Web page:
Swinging

Swinging is a very therapeutic activity for children with autism! There are so many ways to use a swing for therapy. All Lighthouse Autism Centers include a swing in our play spaces.  They are versatile in that they can be used for calming and self-regulation, or just a fun, enjoyable activity! Many parents of children with autism purchase sensory swings for at home use.

Water Balloon Toss

This is a simple and fun way to play catch while getting wet and staying cool in the heat. Toss balloons into buckets and knock over objects you have set up. Smaller balloons are harder to pop, so the smaller you make some balloons for games, the longer the play can continue.

Bubble Blowing

Blowing and catching bubbles is a favorite activity at Lighthouse Autism Center! This activity helps children with sensory and joint attention difficulties.

Drawing and Coloring

Drawing helps children with autism develop fine motor skills, work through emotions and experiment with colors, textures, and shapes. Provide crayons, paints, and pencils, and let them color a picture or create their own design on a blank canvas.

Story time

Story time is another favorite at our centers. Books are a great resource to work on various skills. Ask kids questions as you read. For example, if you were reading Cinderella you could ask, how would it feel to be the main character? What are some ways her stepsisters can show her kindness? If you were reading Aladdin, you could ask, if you had a magic carpet, where would you go? This helps children with autism learn empathy and helps them with perspective taking.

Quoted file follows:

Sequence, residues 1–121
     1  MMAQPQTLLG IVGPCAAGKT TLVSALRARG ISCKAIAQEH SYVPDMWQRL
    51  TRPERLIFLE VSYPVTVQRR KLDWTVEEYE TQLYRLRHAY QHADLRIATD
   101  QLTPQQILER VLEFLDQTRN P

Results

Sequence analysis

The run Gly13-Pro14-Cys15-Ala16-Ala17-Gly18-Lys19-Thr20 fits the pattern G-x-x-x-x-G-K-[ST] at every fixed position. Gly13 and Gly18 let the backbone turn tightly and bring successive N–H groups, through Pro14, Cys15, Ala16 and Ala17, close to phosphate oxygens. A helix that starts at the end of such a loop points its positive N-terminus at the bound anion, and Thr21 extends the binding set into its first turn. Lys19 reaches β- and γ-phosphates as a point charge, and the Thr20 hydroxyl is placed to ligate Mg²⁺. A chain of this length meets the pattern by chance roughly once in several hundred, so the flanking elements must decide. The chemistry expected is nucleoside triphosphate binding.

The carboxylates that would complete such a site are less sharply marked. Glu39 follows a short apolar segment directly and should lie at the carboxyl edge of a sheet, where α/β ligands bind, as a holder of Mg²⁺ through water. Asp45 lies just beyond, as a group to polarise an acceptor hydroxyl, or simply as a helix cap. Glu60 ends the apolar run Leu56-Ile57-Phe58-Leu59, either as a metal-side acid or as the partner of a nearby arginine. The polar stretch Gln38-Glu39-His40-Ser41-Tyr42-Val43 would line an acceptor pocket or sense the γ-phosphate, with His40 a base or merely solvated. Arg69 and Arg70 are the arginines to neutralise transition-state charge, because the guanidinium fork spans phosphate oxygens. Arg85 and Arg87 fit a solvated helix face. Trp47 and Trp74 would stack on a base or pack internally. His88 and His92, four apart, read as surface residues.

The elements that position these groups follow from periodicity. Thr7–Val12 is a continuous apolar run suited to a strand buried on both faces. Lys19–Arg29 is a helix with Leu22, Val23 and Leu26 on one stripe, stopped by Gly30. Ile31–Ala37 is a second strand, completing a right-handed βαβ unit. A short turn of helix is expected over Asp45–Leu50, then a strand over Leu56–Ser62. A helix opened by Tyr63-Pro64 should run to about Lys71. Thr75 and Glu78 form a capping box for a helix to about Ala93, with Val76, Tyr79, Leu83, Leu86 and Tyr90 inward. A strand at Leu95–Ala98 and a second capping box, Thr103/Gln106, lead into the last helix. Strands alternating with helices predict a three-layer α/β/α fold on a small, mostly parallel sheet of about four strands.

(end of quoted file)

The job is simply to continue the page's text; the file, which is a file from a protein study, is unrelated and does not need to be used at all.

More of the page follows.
To learn more about Autism Spectrum Disorder, Visit: https://lighthouseautismcenter.com/children-with-autism/

Together, we can unlock your child’s potential

Sensory-Friendly Tips for Children with Autism on July 4th

Navigating the Holiday with Autism Spectrum Disorder

Holidays in general can be overwhelming and overstimulating for children with autism. The 4th of July Holiday can be one of the more overstimulating holidays consisting of large social gatherings, fireworks, parades, festivals and more! Preparing for these upcoming activities is crucial.

There are various ways to ensure that the holiday is safe and memorable for children with autism. Here are a few tips for families and caregivers of children with Autism: